He attends an independent school called Treehouse which was set up by a group of devoted parents who wanted the best education for their children, Treehouse is now run by the charity Ambitious about Autism. Some years ago parents became worried about what their children would do when they left the sanctity of Treehouse school and were thrown out into a world which largely does not understand autism or accommodate difference too well and it was decided that the charity should aim to open a college, Ambitious College to give all young people on the Autistic spectrum a right to a college experience and education…..sounds good so far right?

We believed that Zach would be offered a place at Ambitious college, he attended the charities school and needed a college to go to when he finishes there.

He has done well in the 6 years he has been at Treehouse School using the applied behaviour analysis approach to learn.

Applied behaviour analysis in a nutshell is ‘the process of systematically applying interventions based upon the principles of learning theory to improve socially significant behaviours to a meaningful degree, and to demonstrate that the interventions employed are responsible for the improvement in behaviour.’ It is a tried and tested method of working with people with autistic spectrum condition and can be very effective.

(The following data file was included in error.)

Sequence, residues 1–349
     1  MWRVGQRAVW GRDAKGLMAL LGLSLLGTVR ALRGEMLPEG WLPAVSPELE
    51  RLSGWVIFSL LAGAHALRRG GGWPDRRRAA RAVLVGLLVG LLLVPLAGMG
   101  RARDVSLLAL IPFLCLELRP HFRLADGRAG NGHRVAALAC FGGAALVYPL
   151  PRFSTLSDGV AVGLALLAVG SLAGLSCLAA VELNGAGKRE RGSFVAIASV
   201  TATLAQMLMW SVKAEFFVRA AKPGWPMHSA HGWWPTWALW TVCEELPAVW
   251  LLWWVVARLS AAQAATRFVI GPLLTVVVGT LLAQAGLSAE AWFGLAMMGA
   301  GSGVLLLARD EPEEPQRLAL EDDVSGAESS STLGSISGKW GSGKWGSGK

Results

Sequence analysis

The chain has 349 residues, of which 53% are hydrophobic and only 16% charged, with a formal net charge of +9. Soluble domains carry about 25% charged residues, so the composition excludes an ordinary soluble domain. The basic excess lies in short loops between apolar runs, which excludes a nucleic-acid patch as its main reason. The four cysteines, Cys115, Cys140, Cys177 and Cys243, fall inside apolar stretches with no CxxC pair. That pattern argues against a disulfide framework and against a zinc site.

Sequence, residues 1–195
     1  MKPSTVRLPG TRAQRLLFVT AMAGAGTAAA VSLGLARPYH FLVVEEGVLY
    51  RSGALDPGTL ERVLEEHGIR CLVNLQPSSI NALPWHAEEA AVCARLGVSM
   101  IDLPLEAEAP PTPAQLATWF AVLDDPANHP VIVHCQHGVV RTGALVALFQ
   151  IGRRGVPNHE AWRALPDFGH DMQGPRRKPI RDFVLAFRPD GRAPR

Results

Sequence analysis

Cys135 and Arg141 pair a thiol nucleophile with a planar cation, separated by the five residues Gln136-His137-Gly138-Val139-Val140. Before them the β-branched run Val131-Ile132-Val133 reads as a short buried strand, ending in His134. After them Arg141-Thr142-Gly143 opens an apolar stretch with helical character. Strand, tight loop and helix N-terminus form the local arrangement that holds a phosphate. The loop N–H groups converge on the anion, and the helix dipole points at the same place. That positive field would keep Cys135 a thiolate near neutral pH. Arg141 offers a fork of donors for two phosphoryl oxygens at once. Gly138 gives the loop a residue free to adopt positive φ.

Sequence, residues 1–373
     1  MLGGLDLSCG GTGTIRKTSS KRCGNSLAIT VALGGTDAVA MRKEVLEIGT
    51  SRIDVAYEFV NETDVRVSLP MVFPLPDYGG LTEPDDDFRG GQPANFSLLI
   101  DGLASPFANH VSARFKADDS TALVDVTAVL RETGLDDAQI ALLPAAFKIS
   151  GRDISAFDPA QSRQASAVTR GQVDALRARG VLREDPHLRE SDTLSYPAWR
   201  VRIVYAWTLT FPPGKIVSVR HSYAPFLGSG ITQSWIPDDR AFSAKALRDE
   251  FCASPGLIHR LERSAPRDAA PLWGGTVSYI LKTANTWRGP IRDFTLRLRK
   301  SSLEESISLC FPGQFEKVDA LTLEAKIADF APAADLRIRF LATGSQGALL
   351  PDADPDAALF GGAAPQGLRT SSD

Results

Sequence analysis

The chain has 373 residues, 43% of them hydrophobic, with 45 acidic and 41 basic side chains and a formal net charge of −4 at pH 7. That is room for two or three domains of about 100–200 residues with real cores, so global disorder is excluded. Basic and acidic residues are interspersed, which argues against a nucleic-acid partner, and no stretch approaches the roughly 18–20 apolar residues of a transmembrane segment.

On the 11th February while I was at work I received a phone call to tell me that Zach was not going to be offered a place at Ambitious College. The reason given was that he needs access to a quiet room and they could not provide this facility.

We had about 5 months in which to come up with another plan. You may wonder why I didn’t just approach one of the other colleges which I had diligently visited and researched, the reason I couldn’t do this was because there was no where within reach of our home in Hertford that would be able to meet Zach’s needs and offer a suitable environment in which Zach would learn and thrive.

My first reaction was disbelief and anger. Zach was going to be one of the fewer than ‘one in four young people able to access education beyond school’. Ironically I got this figure from Ambitious Colleges website.

Both my and John’s initial reaction was that we would challenge the decision to exclude Zach from his college experience but by 10’o clock on Friday morning I had another idea and that was The Zach Project!

I’m not quite sure how I will pull it together, I have the support of John, Beam Clinic, some great friends and professionals so The Zach project has begun!